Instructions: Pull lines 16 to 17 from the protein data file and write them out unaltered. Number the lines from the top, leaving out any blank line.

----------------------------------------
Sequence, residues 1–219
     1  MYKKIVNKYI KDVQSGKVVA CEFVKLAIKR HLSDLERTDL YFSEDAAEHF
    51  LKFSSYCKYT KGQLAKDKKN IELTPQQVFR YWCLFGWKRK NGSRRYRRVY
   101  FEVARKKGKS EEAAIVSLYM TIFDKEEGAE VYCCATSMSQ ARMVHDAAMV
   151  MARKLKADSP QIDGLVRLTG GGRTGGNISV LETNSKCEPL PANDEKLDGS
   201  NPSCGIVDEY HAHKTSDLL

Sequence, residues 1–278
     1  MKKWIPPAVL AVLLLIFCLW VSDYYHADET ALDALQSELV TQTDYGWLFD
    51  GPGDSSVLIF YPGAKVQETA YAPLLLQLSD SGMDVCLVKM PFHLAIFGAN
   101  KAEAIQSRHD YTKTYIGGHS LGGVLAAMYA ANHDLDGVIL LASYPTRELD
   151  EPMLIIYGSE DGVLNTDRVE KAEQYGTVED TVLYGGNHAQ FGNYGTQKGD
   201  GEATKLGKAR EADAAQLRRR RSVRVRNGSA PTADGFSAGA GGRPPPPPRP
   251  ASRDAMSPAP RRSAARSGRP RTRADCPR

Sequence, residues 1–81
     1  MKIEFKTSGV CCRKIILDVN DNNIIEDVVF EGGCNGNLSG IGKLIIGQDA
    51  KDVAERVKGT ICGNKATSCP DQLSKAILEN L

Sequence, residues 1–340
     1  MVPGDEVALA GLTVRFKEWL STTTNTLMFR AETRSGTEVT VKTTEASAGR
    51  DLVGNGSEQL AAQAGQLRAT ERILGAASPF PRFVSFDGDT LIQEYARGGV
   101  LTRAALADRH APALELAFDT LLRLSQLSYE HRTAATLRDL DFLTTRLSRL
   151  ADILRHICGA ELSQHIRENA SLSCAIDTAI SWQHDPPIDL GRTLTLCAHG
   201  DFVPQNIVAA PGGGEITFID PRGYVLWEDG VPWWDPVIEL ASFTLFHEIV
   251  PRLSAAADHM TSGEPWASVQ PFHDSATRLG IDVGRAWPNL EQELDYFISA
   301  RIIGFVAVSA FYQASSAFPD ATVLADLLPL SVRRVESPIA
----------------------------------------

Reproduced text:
    51  KDVAERVKGT ICGNKATSCP DQLSKAILEN L

Sequence, residues 1–340